What I would like to see (and have no illusions that I will) is the rejection of the filthy language that has been injected throughout our popular culture. I would like to see a return to the time when I can watch tv with my young children between the hours of 7 and 9 and know that it will be a pleasant experience. I would like to see a total end to radio stations playing "music" that is rife with obscentities.

I know that the chances of any significant change in our culture's downward spiral are slim and none but if any good can come from the firing of Imus I would say that would be it.

Posted by Immolate [TypeKey Profile Page] | April 13, 2007 10:04 AM

No doubt Imus will find a lucrative contract with an alternative network without a problem, but his reach in such a venue will be severely limited. How many people used to listen to Howard Stern? How many listen to him now?

Posted by trapeze [TypeKey Profile Page] | April 13, 2007 10:05 AM

Oh, and a replacement for Imus:

We should only be so lucky that they would choose Randi Rhodes from Air America. Never have I heard a more empty-headed, shrill conspiracy theorist as a voice for the extreme nutjob wing of the left. Really, anyone from Air America would be a great choice to fill Imus' shoes...take your pick. Franken was the only one who was not totally over the top and listening to him was like watching grass grow.

Posted by RBMN [TypeKey Profile Page] | April 13, 2007 10:15 AM

trapeze wrote: "I would like to see a return to the time when I can watch tv with my young children between the hours of 7 and 9 and know that it will be a pleasant experience."
Forty years ago, what was on TV between 7 and 9 pm was still influenced by what most people, even TV producers, did between 7 and 9am on Sunday (or Saturday.) They went to church or synagogue. Now on the Sabbath, people who produce television are much more likely to be sleeping off a hangover. Am I being too judgemental? I don't think so.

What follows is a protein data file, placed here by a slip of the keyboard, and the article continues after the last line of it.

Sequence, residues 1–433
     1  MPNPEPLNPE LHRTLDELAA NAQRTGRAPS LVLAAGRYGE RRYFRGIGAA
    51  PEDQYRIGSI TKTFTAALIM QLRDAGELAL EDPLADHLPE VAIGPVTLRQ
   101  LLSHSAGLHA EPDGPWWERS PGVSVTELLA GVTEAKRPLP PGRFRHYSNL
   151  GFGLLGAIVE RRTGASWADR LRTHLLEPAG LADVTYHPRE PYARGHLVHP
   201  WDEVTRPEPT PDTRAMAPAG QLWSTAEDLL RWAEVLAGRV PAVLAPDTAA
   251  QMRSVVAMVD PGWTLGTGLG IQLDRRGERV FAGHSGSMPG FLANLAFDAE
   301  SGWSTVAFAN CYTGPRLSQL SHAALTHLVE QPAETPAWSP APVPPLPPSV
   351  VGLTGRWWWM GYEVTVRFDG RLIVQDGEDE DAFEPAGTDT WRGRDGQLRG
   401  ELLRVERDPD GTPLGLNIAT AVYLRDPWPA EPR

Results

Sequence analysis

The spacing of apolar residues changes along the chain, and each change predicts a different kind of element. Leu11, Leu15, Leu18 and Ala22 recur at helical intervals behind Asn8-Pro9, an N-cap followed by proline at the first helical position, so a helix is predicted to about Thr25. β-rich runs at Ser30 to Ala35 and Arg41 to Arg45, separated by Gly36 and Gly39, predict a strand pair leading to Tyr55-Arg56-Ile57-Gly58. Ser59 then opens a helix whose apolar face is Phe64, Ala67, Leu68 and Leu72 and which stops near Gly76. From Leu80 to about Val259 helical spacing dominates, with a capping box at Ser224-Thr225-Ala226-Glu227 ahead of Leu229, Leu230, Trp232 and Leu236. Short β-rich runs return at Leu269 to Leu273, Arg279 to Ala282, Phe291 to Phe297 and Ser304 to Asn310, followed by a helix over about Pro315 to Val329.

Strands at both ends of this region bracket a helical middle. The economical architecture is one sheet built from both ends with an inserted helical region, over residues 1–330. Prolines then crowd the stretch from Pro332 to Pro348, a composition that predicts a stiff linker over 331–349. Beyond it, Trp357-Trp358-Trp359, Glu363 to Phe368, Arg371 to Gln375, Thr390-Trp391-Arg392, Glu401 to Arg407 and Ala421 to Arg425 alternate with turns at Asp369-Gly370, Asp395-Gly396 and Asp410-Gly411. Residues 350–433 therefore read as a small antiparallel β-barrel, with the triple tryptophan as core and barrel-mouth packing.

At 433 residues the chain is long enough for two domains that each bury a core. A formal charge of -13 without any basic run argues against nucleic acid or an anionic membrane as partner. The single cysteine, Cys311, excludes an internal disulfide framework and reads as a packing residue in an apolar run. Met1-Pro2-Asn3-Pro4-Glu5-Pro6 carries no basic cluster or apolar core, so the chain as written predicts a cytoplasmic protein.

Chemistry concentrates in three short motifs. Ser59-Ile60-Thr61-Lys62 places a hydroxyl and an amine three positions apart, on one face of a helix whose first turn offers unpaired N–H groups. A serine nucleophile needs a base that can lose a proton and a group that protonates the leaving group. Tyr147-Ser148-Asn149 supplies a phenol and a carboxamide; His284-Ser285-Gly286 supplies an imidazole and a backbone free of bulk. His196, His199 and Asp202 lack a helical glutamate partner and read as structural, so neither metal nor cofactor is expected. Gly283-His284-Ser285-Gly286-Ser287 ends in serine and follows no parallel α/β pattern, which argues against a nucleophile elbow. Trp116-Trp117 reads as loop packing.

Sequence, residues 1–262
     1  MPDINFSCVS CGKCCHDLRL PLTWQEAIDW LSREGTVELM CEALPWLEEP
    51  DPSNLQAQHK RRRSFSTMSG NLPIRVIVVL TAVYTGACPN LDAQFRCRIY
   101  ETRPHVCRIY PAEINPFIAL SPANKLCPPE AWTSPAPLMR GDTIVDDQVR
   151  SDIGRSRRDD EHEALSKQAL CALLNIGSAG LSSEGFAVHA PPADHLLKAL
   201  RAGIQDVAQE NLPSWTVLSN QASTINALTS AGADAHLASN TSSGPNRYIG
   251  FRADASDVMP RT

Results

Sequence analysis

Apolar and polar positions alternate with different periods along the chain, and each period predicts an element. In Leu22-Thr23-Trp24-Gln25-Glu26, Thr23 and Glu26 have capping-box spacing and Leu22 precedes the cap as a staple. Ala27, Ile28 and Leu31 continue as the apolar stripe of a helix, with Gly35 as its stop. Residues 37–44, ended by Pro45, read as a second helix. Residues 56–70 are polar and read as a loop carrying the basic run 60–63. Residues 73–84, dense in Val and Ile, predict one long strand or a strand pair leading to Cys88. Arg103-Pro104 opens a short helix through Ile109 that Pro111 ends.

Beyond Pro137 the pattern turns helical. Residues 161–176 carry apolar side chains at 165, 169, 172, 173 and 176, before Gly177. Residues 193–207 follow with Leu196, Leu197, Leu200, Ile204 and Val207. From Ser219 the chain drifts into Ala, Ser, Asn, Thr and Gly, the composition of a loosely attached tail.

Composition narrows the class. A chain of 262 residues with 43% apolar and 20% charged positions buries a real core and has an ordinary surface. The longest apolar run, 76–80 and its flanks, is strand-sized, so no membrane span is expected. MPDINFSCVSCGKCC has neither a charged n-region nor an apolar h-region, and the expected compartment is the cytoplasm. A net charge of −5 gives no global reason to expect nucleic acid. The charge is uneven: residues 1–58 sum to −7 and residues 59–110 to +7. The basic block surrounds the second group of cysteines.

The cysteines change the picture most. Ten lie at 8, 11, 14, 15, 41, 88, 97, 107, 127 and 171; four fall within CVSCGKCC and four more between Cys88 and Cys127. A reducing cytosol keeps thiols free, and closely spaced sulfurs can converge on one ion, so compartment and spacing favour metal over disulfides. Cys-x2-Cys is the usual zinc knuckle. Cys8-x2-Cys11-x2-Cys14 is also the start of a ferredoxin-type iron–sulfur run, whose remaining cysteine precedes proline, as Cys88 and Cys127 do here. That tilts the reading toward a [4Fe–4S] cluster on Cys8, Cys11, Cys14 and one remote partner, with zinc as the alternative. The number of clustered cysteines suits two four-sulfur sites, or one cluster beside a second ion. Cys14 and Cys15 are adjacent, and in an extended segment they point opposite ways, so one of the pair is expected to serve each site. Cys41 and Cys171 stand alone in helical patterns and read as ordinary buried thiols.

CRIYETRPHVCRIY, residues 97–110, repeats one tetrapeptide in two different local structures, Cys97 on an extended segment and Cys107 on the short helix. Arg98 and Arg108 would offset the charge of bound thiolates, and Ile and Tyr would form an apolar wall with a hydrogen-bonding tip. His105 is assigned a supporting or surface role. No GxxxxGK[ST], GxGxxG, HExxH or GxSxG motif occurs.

Posted by docjim505 [TypeKey Profile Page] | April 13, 2007 10:23 AM

Equally important, Imus gave Democrats a pipeline to a crucial voting bloc that was perennially hard for them to reach: politically independent white men.

Huh? So that was Imus' audience: politically independent white men? And there's no other way to reach these people???

While I am aware that different demographic groups have different viewing and listening habits, the idea that the loss of Imus' show is somehow a blow to dems' brainwashing... er, outreach... strikes me as absurd.

And is this what entertainment and talk radio has become in the minds of politcos? Nothing but a vector to beam their message to discrete voting blocs?

Posted by David [TypeKey Profile Page] | April 13, 2007 10:24 AM

Al Sharpton and Jesse Jackson are still the shakedown artists of our time. The only difference between Imus and the gaggle of rap artists set on our culture like a pack of jackals is his race.

The basketball team could have accepted his apology and moved on. They passed up an opportunity to be gracious and forgiving but chose the scripted PC route into victim status.

Righteous losers all around.

Posted by rbj [TypeKey Profile Page] | April 13, 2007 10:32 AM

Imus has always been highly critical of Hillary Clinton. Jesse Jackson is friends with Bill Clinton. Hmmm, Could Jesse & Al be helping out the Clintons here -- they don't seem all that enthused by her main rival, Obama.

Posted by CJ [TypeKey Profile Page] | April 13, 2007 11:14 AM

While I don't like Imus and his brand of talk show, I believe he was prematurely thrown overboard by both MSNBC and CBS.

Folks who didn't even watch his show as a rule were the ones doing all of the talking and lobbying for him to be fired. What happened to free speech and letting the marketplace decide?

The Imus detractors had more than their say and the marketplace should have been given a chance to work to see if real Imus viewers felt the same way when they let the viewership shrink (or not). If the market share shrunk, both MSNBC and CBS would be fully justified in making a business decision that removed Imus. As it turned out, they didn't even wait for the viewers to speak-- they only listened to non-viewers and a few advertisers that probably would have been replaced with others, until the market share of Imus was shown to shrink.

Imus has been part of a modern day lynching by the professional race baiters and the media groups have succumbed without any battle for free speech.